The city of Zürich has many fountains – in plazas and on streetcorners. Some are decorative, some are commemorative, and some are purely functional – but all are potable. On my morning walk I pass at least two such fountains, and always pause for a drink. They run constantly, even through the winter, and thus always taste cool and fresh. It is a delightful public service and a boon to those who’d rather refill a water bottle than purchase yet another disposable bottle of water.
This elaborate fountain sits in a courtyard garden called Zentralhof, in one of the oldest quarters of the city beside Bahnhofstrasse and not far from some long-buried (but recently rediscovered) ruins of Roman baths.
In a common traditional design, the fountain pours into a pool over which metal bars can support a summer-time planter. Such fountains (like this one on Bahnhofstrasse) also have streams that pour water over gaps in the metal bars, on which a villager could rest a pot to collect water.
Other fountains are more plain and functional; like many, this has a mini fountain at its base so your dog can drink as well.
And some newer fountains take a more contemporary approach, yet blend it with the natural world so ingrained in Swiss consciousness, such as this rocky fountain near an entrance to the Universitätsspital.
As I varied the routes of my morning walk, I began to realize the huge variety of fountains, and it occurred to me it might be fun to find them all. Since most (if not all) appear on a street corner, i.e., at intersections, the challenge appeared to be similar to the famous Hamiltonian Path problem in computer science: given a graph of vertices (intersections) connected by edges (street segments), devise a path that visits each vertex exactly once. No such option existed for me, as I spread my travels out over several weeks and must begin/end each walk at the same point. But I’ve tracked my walks as a means of finding new routes to cover each day; here’s how it looks so far:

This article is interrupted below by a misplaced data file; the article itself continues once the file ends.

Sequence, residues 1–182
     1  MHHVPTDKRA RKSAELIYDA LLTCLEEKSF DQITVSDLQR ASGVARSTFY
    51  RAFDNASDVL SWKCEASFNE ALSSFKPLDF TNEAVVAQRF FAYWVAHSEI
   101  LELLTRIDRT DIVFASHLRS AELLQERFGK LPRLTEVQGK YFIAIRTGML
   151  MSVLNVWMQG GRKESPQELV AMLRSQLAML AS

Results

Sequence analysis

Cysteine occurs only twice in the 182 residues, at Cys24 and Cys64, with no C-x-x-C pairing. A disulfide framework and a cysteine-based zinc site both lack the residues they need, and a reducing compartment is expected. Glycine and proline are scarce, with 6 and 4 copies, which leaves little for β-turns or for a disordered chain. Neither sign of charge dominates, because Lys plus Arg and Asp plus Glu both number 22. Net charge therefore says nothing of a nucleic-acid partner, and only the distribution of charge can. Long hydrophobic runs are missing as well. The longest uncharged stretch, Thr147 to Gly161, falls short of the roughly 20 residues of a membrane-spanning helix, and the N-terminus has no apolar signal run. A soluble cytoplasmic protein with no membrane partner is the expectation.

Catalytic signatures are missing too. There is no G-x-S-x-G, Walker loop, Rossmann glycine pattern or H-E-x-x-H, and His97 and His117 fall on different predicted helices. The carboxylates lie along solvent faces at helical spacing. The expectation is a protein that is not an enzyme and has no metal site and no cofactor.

See the gallery for more shots of the above fountains. More fountain pix yet to come!
The city apparently has a project underway to refresh and renovate some of the historical fountains.
Even the housecats enjoy Zurich’s many public fountains.
Finally, after more than six weeks without more than a drizzle, it’s raining. I went for a walk, as usual, but was diverted by some road construction and ended up on a path that tucks into the entrance to the neurology clinic at the nearby university hospital. There is a truly lovely fountain there, and I was not the only visitor. Like all of the many public fountains in Zürich, the water is fresh and drinkable.